Obama, GOP size up midterm elections

WASHINGTON, D.C. - Voters have given Republicans control of both houses of Congress for the next two years, the last two years of the administration of Democratic President Barack Obama.

The GOP won back the Senate by taking at least seven seats now held by Democrats. Three races are undecided.

The Republicans will have at least 52 seats in the new senate. The Democrats, at least 45.

Mitch McConnell is expected to be the new majority leader. Today, both he and the president said they'll try to work together to get things done. Try.

After another midterm election drubbing, President Obama pledged no fundamental changes in his White House team or its tactics.

"It's my job to figure this out as best I can," Mr. Obama said at a Wednesday news conference. "And if the way we are talking about issues isn't working, then I'm going to try some different things. There are times when you're a politician and you're disappointed with election results, but maybe I'm just getting older. It doesn't make me mopey. It energizes me."

The president said he will seek bipartisan compromise with the incoming Republican Congress. But he also vowed to act unilaterally to shield millions of undocumented workers from deportation by the end of this year.

"What I'm not going to do is just wait," Mr. Obama said. "I think it's fair to say that I have shown a lot of patience and have tried to work on a bipartisan basis as much as possible."

The likely Senate Majority Leader Mitch McConnell of Kentucky warned executive action on immigration reform would poison the well for any future compromises.

"It's like waving a red flag in front of the bull to say 'If you guys don't do what I want, I'm going to do it on my own,'" he said.

The president said he was hopeful he could cut deals with Republicans on trade, infrastructure and tax reform. McConnell said Republicans are looking to compromise on trade and tax reform too, but no specifics are on the table.

"What I'd like to do is to hear from the Republicans, is to find out what it is that they would like to see happen," Mr. Obama said.

President Obama also asked that Congress, in its upcoming lame duck session, approve $6 billion in emergency funds to fight Ebola and provide new legal authority for the war against ISIS in Iraq and Syria.

Mr. Obama and McConnell do not have a strong personal relationship and a year ago the president joked about the absurdity of negotiating with McConnell over a drink. Now,the president says he wants to share some Kentucky bourbon with the senator. Anticipating the question, White House advisers insisted that no bourbon summit is planned.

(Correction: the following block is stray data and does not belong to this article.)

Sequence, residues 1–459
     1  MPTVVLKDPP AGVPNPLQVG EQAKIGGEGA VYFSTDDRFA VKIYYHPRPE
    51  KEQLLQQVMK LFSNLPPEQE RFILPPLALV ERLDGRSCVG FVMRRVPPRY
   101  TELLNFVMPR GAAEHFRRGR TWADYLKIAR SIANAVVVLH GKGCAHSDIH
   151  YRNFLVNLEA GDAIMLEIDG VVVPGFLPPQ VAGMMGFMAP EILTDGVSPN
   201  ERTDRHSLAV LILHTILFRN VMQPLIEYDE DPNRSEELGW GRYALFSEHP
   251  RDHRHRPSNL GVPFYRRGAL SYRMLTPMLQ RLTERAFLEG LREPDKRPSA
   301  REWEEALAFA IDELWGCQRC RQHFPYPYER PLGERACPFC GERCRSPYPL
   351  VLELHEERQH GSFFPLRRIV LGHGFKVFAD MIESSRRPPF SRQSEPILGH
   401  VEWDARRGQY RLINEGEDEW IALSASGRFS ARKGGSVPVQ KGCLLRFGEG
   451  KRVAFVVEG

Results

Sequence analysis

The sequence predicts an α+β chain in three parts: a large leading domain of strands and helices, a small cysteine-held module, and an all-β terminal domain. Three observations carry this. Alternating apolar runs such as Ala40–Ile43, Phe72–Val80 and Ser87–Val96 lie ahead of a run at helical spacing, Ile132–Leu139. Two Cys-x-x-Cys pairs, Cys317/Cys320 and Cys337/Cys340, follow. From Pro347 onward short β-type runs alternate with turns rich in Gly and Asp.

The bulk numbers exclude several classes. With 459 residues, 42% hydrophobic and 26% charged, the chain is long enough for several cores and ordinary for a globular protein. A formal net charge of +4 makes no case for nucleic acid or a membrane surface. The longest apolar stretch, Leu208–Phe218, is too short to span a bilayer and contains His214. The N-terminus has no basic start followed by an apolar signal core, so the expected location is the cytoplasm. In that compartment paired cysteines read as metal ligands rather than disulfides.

For Republicans, Tuesday's heady victories gave way to a sober reality the day after, as they inherit a deeply gridlocked body.

"The Senate in the last couple of years basically doesn't do anything," McConnell told reporters.

McConnell vowed to start sending bills to the president's desk right away. One approving the Keystone XL Pipeline, another eliminating a medical device tax that helps to pay for Obamacare.

"We're going to function, we are," said McConnell. "We're going to pass legislation. Some of it he may not like, but we're going to function."

McConnell will preside over a GOP majority that's even larger than most pollsters predicted.

The party picked up seats not just in GOP strongholds like South Dakota, Montana and West Virginia. It also won big in battleground states.

Iowa's Joni Ernst won by eight points. Colorado's Cory Gardner won by four, defeating sitting Sen. Mark Udall.

"The voters around this state had their voices heard," said Gardner. "They are not red, they are not blue. They are crystal, crystal clear in their message to Washington, D.C. - get your job done and get the heck out of the way."

Southern Senate Democrats are now an endangered species. North Carolina's Kay Hagan was defeated. Mark Pryor of Arkansas lost by 18 points. And Louisiana's Mary Landrieu, whose race is going to a runoff, trails in the polls. So, she hit the campaign trail again Wednesday.

Republican incumbents by contrast didn't lose a single race, including in Kansas where three-term Sen. Pat Roberts survived a tough challenge from Independent Greg Orman.

"Our conservative Republican solutions will now see the light of day," said Roberts.

McConnell's assertion that he wants to work with the president was met with skepticism by Democrats who said that he was a key contributor to congressional gridlock. The few times he tried to meet the president halfway, conservative members of his party yanked him back.